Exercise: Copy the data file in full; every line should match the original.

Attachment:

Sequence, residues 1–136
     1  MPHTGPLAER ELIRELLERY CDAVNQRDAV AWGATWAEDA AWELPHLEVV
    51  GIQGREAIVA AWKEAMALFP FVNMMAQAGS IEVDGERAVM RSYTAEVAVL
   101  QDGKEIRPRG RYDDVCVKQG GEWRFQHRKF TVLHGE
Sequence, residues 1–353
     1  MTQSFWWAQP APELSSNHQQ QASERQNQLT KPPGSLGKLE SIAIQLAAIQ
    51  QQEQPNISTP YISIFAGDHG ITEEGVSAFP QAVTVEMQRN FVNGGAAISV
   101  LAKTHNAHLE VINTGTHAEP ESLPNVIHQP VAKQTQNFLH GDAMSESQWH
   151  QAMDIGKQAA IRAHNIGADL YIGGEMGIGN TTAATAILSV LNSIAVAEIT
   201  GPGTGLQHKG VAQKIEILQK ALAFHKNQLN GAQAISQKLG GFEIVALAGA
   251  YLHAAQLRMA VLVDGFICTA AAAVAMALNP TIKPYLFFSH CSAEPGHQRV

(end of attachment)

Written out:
Sequence, residues 1–136
     1  MPHTGPLAER ELIRELLERY CDAVNQRDAV AWGATWAEDA AWELPHLEVV
    51  GIQGREAIVA AWKEAMALFP FVNMMAQAGS IEVDGERAVM RSYTAEVAVL
   101  QDGKEIRPRG RYDDVCVKQG GEWRFQHRKF TVLHGE
Sequence, residues 1–353
     1  MTQSFWWAQP APELSSNHQQ QASERQNQLT KPPGSLGKLE SIAIQLAAIQ
    51  QQEQPNISTP YISIFAGDHG ITEEGVSAFP QAVTVEMQRN FVNGGAAISV
   101  LAKTHNAHLE VINTGTHAEP ESLPNVIHQP VAKQTQNFLH GDAMSESQWH
   151  QAMDIGKQAA IRAHNIGADL YIGGEMGIGN TTAATAILSV LNSIAVAEIT
   201  GPGTGLQHKG VAQKIEILQK ALAFHKNQLN GAQAISQKLG GFEIVALAGA
   251  YLHAAQLRMA VLVDGFICTA AAAVAMALNP TIKPYLFFSH CSAEPGHQRV